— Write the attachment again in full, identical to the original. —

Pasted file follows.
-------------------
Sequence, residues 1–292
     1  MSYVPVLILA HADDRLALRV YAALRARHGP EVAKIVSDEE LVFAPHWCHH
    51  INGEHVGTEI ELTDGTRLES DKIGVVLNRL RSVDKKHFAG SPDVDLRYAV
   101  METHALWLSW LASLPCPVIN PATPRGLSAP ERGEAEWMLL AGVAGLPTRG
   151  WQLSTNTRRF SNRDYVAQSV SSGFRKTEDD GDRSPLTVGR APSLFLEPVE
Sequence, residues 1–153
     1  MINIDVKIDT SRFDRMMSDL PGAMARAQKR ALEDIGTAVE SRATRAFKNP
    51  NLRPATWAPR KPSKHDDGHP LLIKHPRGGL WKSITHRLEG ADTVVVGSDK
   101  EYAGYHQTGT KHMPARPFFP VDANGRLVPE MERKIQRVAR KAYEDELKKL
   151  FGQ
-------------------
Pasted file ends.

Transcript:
Sequence, residues 1–292
     1  MSYVPVLILA HADDRLALRV YAALRARHGP EVAKIVSDEE LVFAPHWCHH
    51  INGEHVGTEI ELTDGTRLES DKIGVVLNRL RSVDKKHFAG SPDVDLRYAV
   101  METHALWLSW LASLPCPVIN PATPRGLSAP ERGEAEWMLL AGVAGLPTRG
   151  WQLSTNTRRF SNRDYVAQSV SSGFRKTEDD GDRSPLTVGR APSLFLEPVE
Sequence, residues 1–153
     1  MINIDVKIDT SRFDRMMSDL PGAMARAQKR ALEDIGTAVE SRATRAFKNP
    51  NLRPATWAPR KPSKHDDGHP LLIKHPRGGL WKSITHRLEG ADTVVVGSDK
   101  EYAGYHQTGT KHMPARPFFP VDANGRLVPE MERKIQRVAR KAYEDELKKL
   151  FGQ